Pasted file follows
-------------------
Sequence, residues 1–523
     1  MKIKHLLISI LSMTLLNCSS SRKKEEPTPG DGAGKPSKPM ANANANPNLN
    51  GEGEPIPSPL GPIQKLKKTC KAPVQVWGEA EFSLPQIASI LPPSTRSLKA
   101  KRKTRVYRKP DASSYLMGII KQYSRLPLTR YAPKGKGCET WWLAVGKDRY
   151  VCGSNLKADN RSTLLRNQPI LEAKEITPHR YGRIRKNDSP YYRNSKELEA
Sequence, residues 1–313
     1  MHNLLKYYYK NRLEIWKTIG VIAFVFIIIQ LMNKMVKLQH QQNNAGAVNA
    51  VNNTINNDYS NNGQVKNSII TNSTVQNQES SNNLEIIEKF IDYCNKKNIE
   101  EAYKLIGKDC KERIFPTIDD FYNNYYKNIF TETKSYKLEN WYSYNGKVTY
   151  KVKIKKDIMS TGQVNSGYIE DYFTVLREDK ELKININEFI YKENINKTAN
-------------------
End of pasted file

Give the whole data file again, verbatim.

Sequence, residues 1–523
     1  MKIKHLLISI LSMTLLNCSS SRKKEEPTPG DGAGKPSKPM ANANANPNLN
    51  GEGEPIPSPL GPIQKLKKTC KAPVQVWGEA EFSLPQIASI LPPSTRSLKA
   101  KRKTRVYRKP DASSYLMGII KQYSRLPLTR YAPKGKGCET WWLAVGKDRY
   151  VCGSNLKADN RSTLLRNQPI LEAKEITPHR YGRIRKNDSP YYRNSKELEA
Sequence, residues 1–313
     1  MHNLLKYYYK NRLEIWKTIG VIAFVFIIIQ LMNKMVKLQH QQNNAGAVNA
    51  VNNTINNDYS NNGQVKNSII TNSTVQNQES SNNLEIIEKF IDYCNKKNIE
   101  EAYKLIGKDC KERIFPTIDD FYNNYYKNIF TETKSYKLEN WYSYNGKVTY
   151  KVKIKKDIMS TGQVNSGYIE DYFTVLREDK ELKININEFI YKENINKTAN